The fork is also stronger and less likely to break because of the through axles. The axles are thicker and stronger and not easily prone to damage.

Lastly, it’s less likely that the axles will come undone after being wrongly tightened.

Stop Brake Rotors from Rubbing

The fork can bend when you start standing up to pedal hard. It bends such that a disc brake device sometimes rubs against the rotor. This happens because the pads on the disc brakes are only a few millimeters apart from the rotor.

When your brake rotors rub, they create a drag force that decelerates you and makes you less efficient. It also makes a frictional sound that is just annoying.

This problem is solved by thru-axles, which reduce fork flex. They make a strong connection between the hub and the fork legs, which strengthens the whole front end.

In addition, the brakes work a little bit better because the brake rotor stays in place in the caliper.

Better Steering

This is the most important way to improve performance.

Thru axles connect both fork arms. This makes the bike’s frame stronger. There is a lot less fork bending from strong pedaling or twisting forces caused by disc brakes.

The thru-axle levers are also a bit thicker, which makes them stronger.

Here is a simple table that sets out the respective main benefits of thru axles and quick releases:

BenefitThru AxleQuick Release
Able to get the wheel off without toolsNoYes
Added securityYesNo
Better steeringYesNo
Stop brake rotors from rubbingYesNo
Lighter weightNoYes

What Kinds of Thru-Axles Are There?

Bolt-On Axles

Modern bikes don’t often have bolt-on axles, except maybe on cheap bikes. Some old bikes had a front wheel that you could take off quickly and a back wheel that you had to bolt on.

As the term implies, a bolt-on axle is made up of a bolt with threads that goes through the hub of the wheel.

It is held in place by 15mm nuts in U-shaped drop-outs on both sides. One good thing about this kind of wheel is that it can’t be stolen without a wrench.

Modern Thru Axles

Many newer models with disc brakes have thru-axles. Such axles are firmer than QR axles, and they go through openings in the ends of the forks that are closed off.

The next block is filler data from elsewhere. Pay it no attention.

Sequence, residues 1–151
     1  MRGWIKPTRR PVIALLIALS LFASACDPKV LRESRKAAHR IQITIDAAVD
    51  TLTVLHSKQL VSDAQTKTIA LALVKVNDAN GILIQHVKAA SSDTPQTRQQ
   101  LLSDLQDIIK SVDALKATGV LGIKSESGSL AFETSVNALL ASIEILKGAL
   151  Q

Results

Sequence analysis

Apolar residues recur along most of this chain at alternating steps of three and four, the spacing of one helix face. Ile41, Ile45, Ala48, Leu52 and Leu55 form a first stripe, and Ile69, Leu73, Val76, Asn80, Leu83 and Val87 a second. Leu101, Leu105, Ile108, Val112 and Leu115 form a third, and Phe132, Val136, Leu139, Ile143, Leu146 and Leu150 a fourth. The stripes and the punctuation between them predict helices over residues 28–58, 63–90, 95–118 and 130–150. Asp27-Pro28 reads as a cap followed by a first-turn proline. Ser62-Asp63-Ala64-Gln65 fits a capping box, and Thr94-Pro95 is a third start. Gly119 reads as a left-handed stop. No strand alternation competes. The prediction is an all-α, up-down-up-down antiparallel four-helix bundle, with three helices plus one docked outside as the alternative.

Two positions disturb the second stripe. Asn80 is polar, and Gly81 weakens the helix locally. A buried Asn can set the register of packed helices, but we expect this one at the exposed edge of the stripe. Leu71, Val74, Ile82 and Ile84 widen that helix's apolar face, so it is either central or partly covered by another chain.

The rigid connection between the bike and the wheel makes sure that the disc brake blades are in the right place.

There are different ways to keep thru-axles in place. It can be done with an Allen key and a hex key, or it can include a quick-release method.

For racers, the fact that thru-axle wheels are slow to take off with tools can be a turnoff. The World Tour teams use power tools to solve this problem.

Quick Release Bikes

The other option outside of thru axle bikes is to go with a quick release.

How does Quick-Release work?

With a quick-release stick or axle, you don’t need tools to take off or put on wheels. You shouldn’t put it through any portion of the bicycle frame.

A QR axle, on the other hand, uses a cam to lock this into open drop-outs along either of the wheel’s sides. These U-shaped dropouts can be placed either horizontally or vertically.

Dropouts Can Be both Horizontal and Vertical

Single-speed bikes often have dropouts that are on the side. They make it possible to move the wheels forward and backward.

This motion of the wheel changes the tension of the chain, which is helpful when there is no derailleur.

When horizontal dropouts are paired with a quick-release system, the wheel could move if the clamp isn’t tight enough. This could end up causing you to fall off your bike if the back wheel moves backward, which can happen when you brake hard, or it could loosen the chain.

Most derailleur bikes have vertical dropouts, which are better because they are more secure. The axle can’t move from side to side, and even if the wheel is a little loose, gravity will keep it from moving.

If you want to see a full rundown of thru axles vs quick release axles then check this excellent youtube video out: